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el wacho
05-23-2008, 10:03 AM
who is into abstract works - in particular b/w?


i'll start the ball rolling with Aaron Siskind. his work really spoke to me about what was possible with a camera....


i hope with this thread to be introduced to photographer's works that i've yet to see.


:)

rcoda
05-23-2008, 10:39 AM
I love abstracts... see my website.

For the famous photographers, look at Edward and Brett Weston, Oliver Gagliani and Minor White to start with. Also a personal friend of mine, Randy Efros (www.randyefros.com), who was Brett Weston's last assistant.

Inayat Noor
05-23-2008, 10:44 AM
Nick Johnson was one of my teachers at The New England School of Photograhy. While I was there he did a lot with concrete forms he mixed and created.

http://www.nickjohnsonphotography.com/

jnanian
05-23-2008, 11:56 AM
i really enjoy abstract imagery as well.
they allow the viewer to connect
at several different levels that some "straight" photographs don't or can't.
the line, form and texture but also at a subconscious and more personal level.
some abstractions allow the viewer to dream while s/he
are awake ... we all need to dream a little bit when we are awake

JosephineIsJosephine
05-23-2008, 03:44 PM
I have to admit (as a newbie) this is the first time I knowingly encounter abstract photography. Nick Johnson's pictures do rock. And Richard, I like some of your pictures.

Thanks for the inspiration! I think, carrying around my camera I encountered some things that would have been perfect for an abstract picture, but I was looking for a classic composition with subject und background and missed the opportunity to take a good abstract pic.

Tim Boehm
05-24-2008, 12:28 AM
Brett Weston

One of my favorites is Broken Glass, 1954, see it here:
http://www.brettwestonarchive.com/Images/ten

Abstract Portfolio #1:
http://www.brettwestonarchive.com/images/ABPI

Abstract Portfilio #2:
http://www.brettwestonarchive.com/images/ABPII

Les McLean
05-24-2008, 05:03 AM
David Williams a Scottish photographer currently working in colour but in B&W with his first major work "Is:Ecstacies I - XXII"

http://www.davidwilliamsphotographer.com/show.php?caseA=1&caseB=95

This is some of his colour work

http://www.davidwilliamsphotographer.com/show.php?caseA=1&caseB=93

http://www.davidwilliamsphotographer.com/show.php?caseA=1&caseB=92

c6h6o3
05-24-2008, 01:31 PM
"All good art is abstract in its structure."

--Paul Strand

Shinnya
06-03-2008, 03:58 PM
I understand exactly the same way as this quote.

Personally, I feel funny when people single out "abstract" as a category of photography. Also, when people talk about it, it seems to be always the details of some objects.

To me there is a spectrum between representation and abstraction which is applicable to any type of photography.

Isn't precisely this tension between representation and abstraction that we are supposed to enjoy in photography?

Warmly,
Tsuyoshi


"All good art is abstract in its structure."

--Paul Strand

TheFlyingCamera
06-03-2008, 04:09 PM
Even when a photograph is representational, it is still an abstract, in the sense that it is a removal from context of a specific visual slice of the subject and its environment. I think the only photographs that come close to escaping abstraction are casual snapshots, because they are lacking in intention. They are purely informational, and do not wish to convey artistic meaning. To take a photograph that has artistic meaning requires abstraction.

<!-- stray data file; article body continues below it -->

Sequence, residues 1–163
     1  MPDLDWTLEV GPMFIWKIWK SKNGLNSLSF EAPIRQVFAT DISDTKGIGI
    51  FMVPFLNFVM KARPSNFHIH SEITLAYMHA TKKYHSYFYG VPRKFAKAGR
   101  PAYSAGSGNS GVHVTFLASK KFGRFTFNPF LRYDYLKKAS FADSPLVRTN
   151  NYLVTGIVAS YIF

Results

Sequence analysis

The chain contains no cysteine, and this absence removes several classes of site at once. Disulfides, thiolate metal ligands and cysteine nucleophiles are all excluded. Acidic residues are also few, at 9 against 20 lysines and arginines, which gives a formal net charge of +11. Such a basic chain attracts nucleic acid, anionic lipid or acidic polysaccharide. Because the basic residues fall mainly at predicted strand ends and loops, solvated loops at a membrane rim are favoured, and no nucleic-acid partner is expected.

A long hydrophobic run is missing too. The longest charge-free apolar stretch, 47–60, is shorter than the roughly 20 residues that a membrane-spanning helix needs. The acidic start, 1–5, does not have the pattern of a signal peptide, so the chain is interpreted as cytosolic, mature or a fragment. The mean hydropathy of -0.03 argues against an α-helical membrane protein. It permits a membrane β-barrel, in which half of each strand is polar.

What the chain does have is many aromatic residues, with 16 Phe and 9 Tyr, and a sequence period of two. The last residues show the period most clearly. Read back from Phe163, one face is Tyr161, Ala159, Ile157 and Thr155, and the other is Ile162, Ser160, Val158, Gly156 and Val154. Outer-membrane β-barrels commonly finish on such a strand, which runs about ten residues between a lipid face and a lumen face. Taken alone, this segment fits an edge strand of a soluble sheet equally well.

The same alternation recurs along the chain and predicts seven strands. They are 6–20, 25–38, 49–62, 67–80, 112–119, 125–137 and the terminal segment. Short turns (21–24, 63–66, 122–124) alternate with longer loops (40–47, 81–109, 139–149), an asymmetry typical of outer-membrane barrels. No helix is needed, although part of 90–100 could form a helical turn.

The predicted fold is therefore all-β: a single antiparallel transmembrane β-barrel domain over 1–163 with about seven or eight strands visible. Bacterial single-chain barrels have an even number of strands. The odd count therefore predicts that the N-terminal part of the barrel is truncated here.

Merg Ross
06-21-2008, 06:29 PM
Depending on the definition, much of my work falls into this category. I also agree with the selection of Aaron Siskind and Brett Weston as being representative of abstract b&w photography.

http://mergross.com

mabman
06-23-2008, 09:22 PM
I thought of this topic immediately this past weekend - we had a photography expo, and some local photographers showed and sold their work. One woman whose name I now forget had some fascinating stuff - colour photos of various flowers shot *through* a variety of solid pieces of stained glass (which she also made). Some of them were obviously flowers, but with odd colourations, and some ended up just seemingly random, well, abstractions of something.

Very interesting work, although I don't think it sold well from the look of her booth.

Ole
06-24-2008, 03:27 AM
Abstract photography was almost "mainstream" in much of Europe at one time - have a look at Frantisek Drtikol.

rcoda
01-01-2009, 08:34 PM
To resurrect this topic...

I am the proud owner of Brett's Bank of America 1975 and his Abstraction 1954. I continue to seek out the "extraordinary in the ordinary".

I made this image this summer at the local library...

http://members.cox.net/rcoda/MustangLibrary.jpg

Abstract photography is everywhere... you just have to see it.

Bluesky1
05-04-2014, 05:20 PM
I have not been formerly taught about abstract photography, but I have tried to experiment a few times with it, and I was really amazed with the results.

It is something I would strongly recommend it. At least try it!

cliveh
05-04-2014, 05:30 PM
Even when a photograph is representational, it is still an abstract, in the sense that it is a removal from context of a specific visual slice of the subject and its environment. I think the only photographs that come close to escaping abstraction are casual snapshots, because they are lacking in intention. They are purely informational, and do not wish to convey artistic meaning. To take a photograph that has artistic meaning requires abstraction.

How true and well said.